Ralph Waldo Emerson reportedly said that “if you build a better mouse trap, the world will be a path to your door.” Unfortunately, this wisdom doesn’t hold up very well in the world of entrepreneurship.
I first learned about the better mouse trap fallacy when I read the book “Real World Engineering” by Lawrence Kamm when I was a sophomore in high school. I intended to become a successful inventor and sell my creations through my own business. Kamm pointed out that engineers that start their own businesses often discover that having a superior product is no guarantee of success.
He recommended that engineers looking into starting their own businesses should consider getting a graduate degree in business. That advice stuck with me for over 20 years. He pointed out that there are a lot of competencies that engineers can learn in business school that they might not easily pick up on the job. These include finance, marketing, management, business law and organizational behavior.
Kamm repeated the word “marketing” three times in his list of skills that engineers learn. He said that this was not a mistake on his part. He wanted to emphasize how essential marketing skills were for engineers trying to start their own business.
Kamm said that he had to learn this the hard way. He once bought into the idea that building a better mouse trap would be the guaranteed ticket to success. He had to learn the hard way that marketing is a very essential skill for even the most talented engineer that is trying to venture out on their own. A startup can create the best new product in the world, but they are going to fail if they can’t convince customers to buy it over their competitors.
There are a lot of examples of this across many industries. Coca-Cola has a much bigger share of the soft drink market than Pepsi. According to an article from CNN last year, Coca-Cola has 17.8% of the market share, while Pepsi has only 8.4%. The gap has only widened over the last decade, even though the quality of the soft drinks has not changed at all. Is it because Coca-Cola produces better products? The answer is clearly no. Blind test tests have shown that even the strongest supporters of both brands can’t tell the difference.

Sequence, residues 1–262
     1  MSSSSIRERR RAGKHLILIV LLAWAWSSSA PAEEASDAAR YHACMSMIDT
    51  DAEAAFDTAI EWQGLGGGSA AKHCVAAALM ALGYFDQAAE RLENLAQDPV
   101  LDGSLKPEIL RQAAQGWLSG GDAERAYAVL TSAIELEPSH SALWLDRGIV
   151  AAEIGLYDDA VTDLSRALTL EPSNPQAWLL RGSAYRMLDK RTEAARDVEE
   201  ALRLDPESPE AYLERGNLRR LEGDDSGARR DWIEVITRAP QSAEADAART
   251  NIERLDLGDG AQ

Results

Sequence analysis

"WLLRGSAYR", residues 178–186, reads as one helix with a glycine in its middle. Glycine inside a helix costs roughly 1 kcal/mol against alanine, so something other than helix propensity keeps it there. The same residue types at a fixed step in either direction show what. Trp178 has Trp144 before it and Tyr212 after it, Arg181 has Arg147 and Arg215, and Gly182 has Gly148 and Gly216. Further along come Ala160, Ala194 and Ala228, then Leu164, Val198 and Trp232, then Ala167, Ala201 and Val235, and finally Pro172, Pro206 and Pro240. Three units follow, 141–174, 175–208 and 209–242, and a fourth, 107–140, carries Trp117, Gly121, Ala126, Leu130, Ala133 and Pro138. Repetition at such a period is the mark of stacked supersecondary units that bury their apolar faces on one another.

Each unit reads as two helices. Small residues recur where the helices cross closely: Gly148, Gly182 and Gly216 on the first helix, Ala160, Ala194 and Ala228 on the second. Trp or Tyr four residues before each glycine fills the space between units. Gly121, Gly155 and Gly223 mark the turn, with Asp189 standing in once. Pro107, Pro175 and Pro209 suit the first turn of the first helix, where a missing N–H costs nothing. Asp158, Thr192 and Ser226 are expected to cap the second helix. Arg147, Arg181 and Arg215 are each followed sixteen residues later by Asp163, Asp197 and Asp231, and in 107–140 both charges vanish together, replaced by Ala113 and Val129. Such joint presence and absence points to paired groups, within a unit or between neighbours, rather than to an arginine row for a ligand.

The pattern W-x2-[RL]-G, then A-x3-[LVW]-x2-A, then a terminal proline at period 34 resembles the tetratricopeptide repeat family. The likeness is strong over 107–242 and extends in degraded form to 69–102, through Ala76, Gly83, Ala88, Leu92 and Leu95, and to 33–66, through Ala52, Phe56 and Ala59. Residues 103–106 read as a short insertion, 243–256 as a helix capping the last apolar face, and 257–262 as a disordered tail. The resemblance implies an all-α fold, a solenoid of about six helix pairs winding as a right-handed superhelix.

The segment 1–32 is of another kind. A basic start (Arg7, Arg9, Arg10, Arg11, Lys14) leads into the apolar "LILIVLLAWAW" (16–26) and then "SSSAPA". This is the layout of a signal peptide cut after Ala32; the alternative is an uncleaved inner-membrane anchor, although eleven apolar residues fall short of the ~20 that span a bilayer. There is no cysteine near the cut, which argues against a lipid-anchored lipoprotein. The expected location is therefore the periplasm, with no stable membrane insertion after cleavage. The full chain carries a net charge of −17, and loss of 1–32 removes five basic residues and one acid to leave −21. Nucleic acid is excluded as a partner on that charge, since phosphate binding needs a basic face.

At the end of the day, perception is everything. Every business needs to appreciate the importance of marketing well.
All entrepreneurs should learn the basic fundamentals of marketing and other managerial skills
There are a lot of skills that businesses need to survive. They can’t rest their laurels on the superiority of their product. Entrepreneurs that don’t learn the basics of finance and marketing are destined to fail.
How can entrepreneurs develop the marketing skills that they need to build a profitable company? There are a number of options available to them.
Get a specialized degree in marketing
There are a lot of business degrees available. More people get MBAs than any other graduate degree. An MBA can give an aspiring entrepreneur a solid foundation in many different disciplines of business.
However, some entrepreneurs might already have a thorough enough understanding of finance and accounting. They might be lacking in the marketing side. An MBA can give someone the broad strokes of the marketing profession, but it will only go so far.
These business owners might want to consider getting a degree in marketing instead. A major in marketing is going to offer much deeper insights into the field of marketing.
Work with a mentor
A mentor can go a long way towards helping business owners develop important skills. They can give specific advice on disciplines like marketing. They may even want to get somebody specifically to counsel them on their marketing strategy. An entrepreneur in any field can ask a marketing expert for advice.
Make learning about marketing part of their ongoing education
The marketing discipline is constantly changing. Business owners need to stay up to date with new changes to stay ahead of the competition. They should keep reading blog articles and press releases about developments in the marketing field.